• Østberg gone, Meeke in talks
• Era ends as Loeb moves to Peugeot
CITROËN has pledged its future to the FIA World Rally Championship and will develop an all-new car for exciting new 2017 technical regulations.
Citroën CEO Linda Jackson on Friday announced the manufacturer’s long-term sporting efforts would focus on the WRC, with plans to make a fresh start in the sport it dominated between 2004 and 2012.
However, the works rally team will sit out 2016 while Citroen completes a third and final season in the FIA World Touring Car Championship.
The announcement did not mention 2015 WRC drivers Kris Meeke or Mads Østberg, but Autosport.com quoted a spokeswoman saying Østberg would not continue in 2016.
Discussions were continuing with Meeke, who finished second in Wales Rally GB last weekend and helped the team secure second place in the Manufacturers’ Championship, Autosport said.
This could mean Meeke was available to help develop the 2017 car while continuing to contest a part-time program in 2016 in the current DS3 WRC.
Citroen’s announcement also said its nine-time WRC champion and WTCC driver of the past two seasons Sebastien Loeb would leave the manufacturer after 15 years – although only to join sister company Peugeot Sport to concentrate on his Dakar off-road rally debut.
The French team has an illustrious WRC record, including victories in Australia in 2004 and 2005 for Francois Duval and Loeb, respectively.
“With eight world titles and a record 94 wins, Citroën has certainly enjoyed unrivalled success in the WRC,” Jackson said.
“Rallying is a fascinating sport, which tests the performance, reliability and solidity of the cars and drivers in some magnificent settings. The category is taking off again, with increasingly widespread live television coverage and the arrival of China on the calendar in 2016.
“In 2017, the appearance of a new generation of cars, which are purported to be very attractive, will coincide with our renewed involvement.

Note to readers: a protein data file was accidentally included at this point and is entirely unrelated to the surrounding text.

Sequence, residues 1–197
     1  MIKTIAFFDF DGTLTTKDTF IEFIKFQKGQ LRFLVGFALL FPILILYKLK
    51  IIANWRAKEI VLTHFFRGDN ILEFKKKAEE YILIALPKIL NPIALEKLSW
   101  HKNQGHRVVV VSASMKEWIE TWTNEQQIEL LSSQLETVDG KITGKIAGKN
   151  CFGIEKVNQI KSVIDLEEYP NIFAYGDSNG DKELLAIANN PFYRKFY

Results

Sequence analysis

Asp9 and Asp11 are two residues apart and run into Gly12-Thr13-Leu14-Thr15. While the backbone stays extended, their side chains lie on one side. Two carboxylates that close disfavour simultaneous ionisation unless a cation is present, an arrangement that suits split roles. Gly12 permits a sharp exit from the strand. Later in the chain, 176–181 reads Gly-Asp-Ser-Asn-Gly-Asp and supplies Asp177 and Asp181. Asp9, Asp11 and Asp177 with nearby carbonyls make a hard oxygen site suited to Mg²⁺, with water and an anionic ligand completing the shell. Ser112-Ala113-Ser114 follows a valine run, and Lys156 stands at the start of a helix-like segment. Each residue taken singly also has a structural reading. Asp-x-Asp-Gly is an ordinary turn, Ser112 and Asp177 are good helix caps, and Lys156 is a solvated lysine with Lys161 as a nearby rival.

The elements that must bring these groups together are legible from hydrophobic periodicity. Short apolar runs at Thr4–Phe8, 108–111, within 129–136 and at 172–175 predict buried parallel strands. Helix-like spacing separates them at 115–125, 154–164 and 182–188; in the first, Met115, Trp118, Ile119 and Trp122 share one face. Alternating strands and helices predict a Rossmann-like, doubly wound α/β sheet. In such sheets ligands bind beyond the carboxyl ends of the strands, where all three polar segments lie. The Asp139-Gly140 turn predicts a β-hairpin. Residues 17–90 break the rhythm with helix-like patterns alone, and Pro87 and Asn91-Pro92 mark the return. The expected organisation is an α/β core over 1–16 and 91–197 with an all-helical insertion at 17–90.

“Everything will therefore be in place for us to write a new chapter in our history. Given the brand’s rich heritage, this challenge had to be ambitious. We will however be modest in our approach, gradually stepping up our objectives to the very top.”
Citroen’s return in 2017 will boost a powerful line-up of big-name manufacturers represented in the WRC. The French cars will join four of the world’s top-five makes, Volkswagen, Hyundai, Ford and – also re-joining in 2017 – Toyota.
Citroën Racing boss Yves Matton said the 2017 changes to the WRC’s technical regulations were an opportunity to compete on equal terms with rival manufacturers and to use lessons learned on the race circuit.
“We have never hidden our interest in the 2017 WRC regulations and the entire team is extremely motivated by this new challenge,” he said.
“We like the freedom granted to make the cars more spectacular, but also the possibility of reusing development work done on the Citroën C-Elysée WTCC’s engine.”
Matton confirmed that in order to hit the ground running in 2017 Citroën would not enter the 2016 World Rally Championship as a works team.
“With a view to managing our resources efficiently, we have decided to focus all our efforts on designing and developing our new World Rally Car,” he said.
“We will obviously be keeping a close eye on the WRC, both with the organisation of the FIA Junior WRC and with the WRC 2 programme for Quentin Gilbert, this year’s JWRC Champion.”
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